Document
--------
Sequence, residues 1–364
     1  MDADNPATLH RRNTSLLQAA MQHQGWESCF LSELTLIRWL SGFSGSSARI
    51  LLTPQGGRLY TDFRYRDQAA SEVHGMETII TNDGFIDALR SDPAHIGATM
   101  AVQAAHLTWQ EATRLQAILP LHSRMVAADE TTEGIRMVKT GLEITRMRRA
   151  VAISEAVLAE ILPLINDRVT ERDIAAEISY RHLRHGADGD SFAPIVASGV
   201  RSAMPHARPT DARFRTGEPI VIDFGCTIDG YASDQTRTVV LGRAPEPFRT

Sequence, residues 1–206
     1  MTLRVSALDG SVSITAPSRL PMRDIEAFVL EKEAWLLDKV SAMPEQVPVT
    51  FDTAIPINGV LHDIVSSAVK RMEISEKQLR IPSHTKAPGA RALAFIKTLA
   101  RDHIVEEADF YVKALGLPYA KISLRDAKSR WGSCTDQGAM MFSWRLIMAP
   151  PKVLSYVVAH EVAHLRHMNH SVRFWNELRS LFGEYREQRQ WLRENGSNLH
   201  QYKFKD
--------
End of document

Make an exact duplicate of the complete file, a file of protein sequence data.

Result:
Sequence, residues 1–364
     1  MDADNPATLH RRNTSLLQAA MQHQGWESCF LSELTLIRWL SGFSGSSARI
    51  LLTPQGGRLY TDFRYRDQAA SEVHGMETII TNDGFIDALR SDPAHIGATM
   101  AVQAAHLTWQ EATRLQAILP LHSRMVAADE TTEGIRMVKT GLEITRMRRA
   151  VAISEAVLAE ILPLINDRVT ERDIAAEISY RHLRHGADGD SFAPIVASGV
   201  RSAMPHARPT DARFRTGEPI VIDFGCTIDG YASDQTRTVV LGRAPEPFRT

Sequence, residues 1–206
     1  MTLRVSALDG SVSITAPSRL PMRDIEAFVL EKEAWLLDKV SAMPEQVPVT
    51  FDTAIPINGV LHDIVSSAVK RMEISEKQLR IPSHTKAPGA RALAFIKTLA
   101  RDHIVEEADF YVKALGLPYA KISLRDAKSR WGSCTDQGAM MFSWRLIMAP
   151  PKVLSYVVAH EVAHLRHMNH SVRFWNELRS LFGEYREQRQ WLRENGSNLH
   201  QYKFKD